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Under the Wisconsin Constitution, a prisoner is not necessarily “in custody” for purposes of triggering Miranda warnings. That was the Wisconsin Supreme Court’s unanimous holding in State v. Halverson, decided January 2021. But although unanimous, Halverson revealed significant disagreement over the Court’s role in interpreting the state constitution. The decision portends future clashes on this important institutional question and corresponding opportunities for litigants seeking to press or oppose state constitutional claims.
In Halverson, the Wisconsin Supreme Court had the opportunity to clean up its Miranda jurisprudence, which an intervening decision of the United States Supreme Court had complicated.
Miranda famously held that, in order to protect the Fifth Amendment’s privilege against self-incrimination, statements given by a defendant during a “custodial interrogation” by the state are inadmissible in criminal proceedings unless they were preceded by a series of warnings apprising the defendant of his rights. This rule makes the question of whether a “custodial interrogation” has occurred a decisive one, and courts have labored to establish a workable test to answer that question in a multitude of contexts.
Thus, in the 1999 case of State v. Armstrong, the Wisconsin Supreme Court was asked to clarify what qualified as “custody” in the jailhouse setting—by definition a place in which individuals are detained by the state for long periods. Reasoning in part that “[i]n general, a person is ‘in custody’ for purposes of Miranda when he or she is “deprived of his [or her] freedom of action in any significant way,” the Armstrong Court unanimously issued the sweeping rule that “a person who is incarcerated is per se in custody for purposes of Miranda.”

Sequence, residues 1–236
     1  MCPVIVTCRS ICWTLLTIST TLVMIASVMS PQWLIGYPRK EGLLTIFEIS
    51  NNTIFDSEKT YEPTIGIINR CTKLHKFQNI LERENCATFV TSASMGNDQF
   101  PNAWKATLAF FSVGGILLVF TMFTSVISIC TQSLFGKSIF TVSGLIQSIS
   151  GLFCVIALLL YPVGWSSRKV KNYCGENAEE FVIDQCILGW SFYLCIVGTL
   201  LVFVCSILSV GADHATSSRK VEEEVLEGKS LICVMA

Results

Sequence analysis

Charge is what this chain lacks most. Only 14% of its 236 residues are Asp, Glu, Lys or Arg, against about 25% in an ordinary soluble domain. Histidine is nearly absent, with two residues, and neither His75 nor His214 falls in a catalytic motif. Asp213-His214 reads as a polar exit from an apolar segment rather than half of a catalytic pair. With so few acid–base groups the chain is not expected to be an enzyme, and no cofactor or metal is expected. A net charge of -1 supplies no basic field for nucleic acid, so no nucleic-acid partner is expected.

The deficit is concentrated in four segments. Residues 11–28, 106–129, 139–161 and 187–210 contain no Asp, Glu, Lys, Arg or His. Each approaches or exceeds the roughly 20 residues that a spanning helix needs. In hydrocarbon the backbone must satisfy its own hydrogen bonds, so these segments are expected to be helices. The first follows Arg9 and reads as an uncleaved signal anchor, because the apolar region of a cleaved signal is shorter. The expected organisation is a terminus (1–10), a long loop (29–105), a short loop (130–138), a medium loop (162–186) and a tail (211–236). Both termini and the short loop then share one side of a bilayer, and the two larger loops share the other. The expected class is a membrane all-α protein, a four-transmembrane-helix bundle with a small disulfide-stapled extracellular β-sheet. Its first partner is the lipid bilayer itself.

But Armstrong’s bright line did not survive the United States Supreme Court’s 2012 decision in Howes v. Fields, where the Court made clear that Miranda did not require a per se rule for prisoners. “Custody” within the meaning of Miranda, the Court explained, “is a term of art that specifies circumstances that are thought generally to present a serious danger of coercion.” And while “[d]etermining whether an individual’s freedom of movement was curtailed” is “the first step in the analysis,” it “identifies only a necessary and not a sufficient condition for Miranda custody.” Courts should “ask the additional question whether the relevant environment presents the same inherently coercive pressures as the type of station house questioning at issue in Miranda.”
The Howes Court went on to conclude that “imprisonment alone is not enough to create a custodial situation within the meaning of Miranda” for “at least” three reasons: (1) “questioning a person who is already serving a prison term does not generally involve the shock that very often accompanies arrest”; (2) “a prisoner, unlike a person who has not been sentenced to a term of incarceration, is unlikely to be lured into speaking by a longing for prompt release”; and (3) “a prisoner, unlike a person who has not been convicted and sentenced, knows that the law enforcement officers who question him probably lack the authority to affect the duration of his sentence.”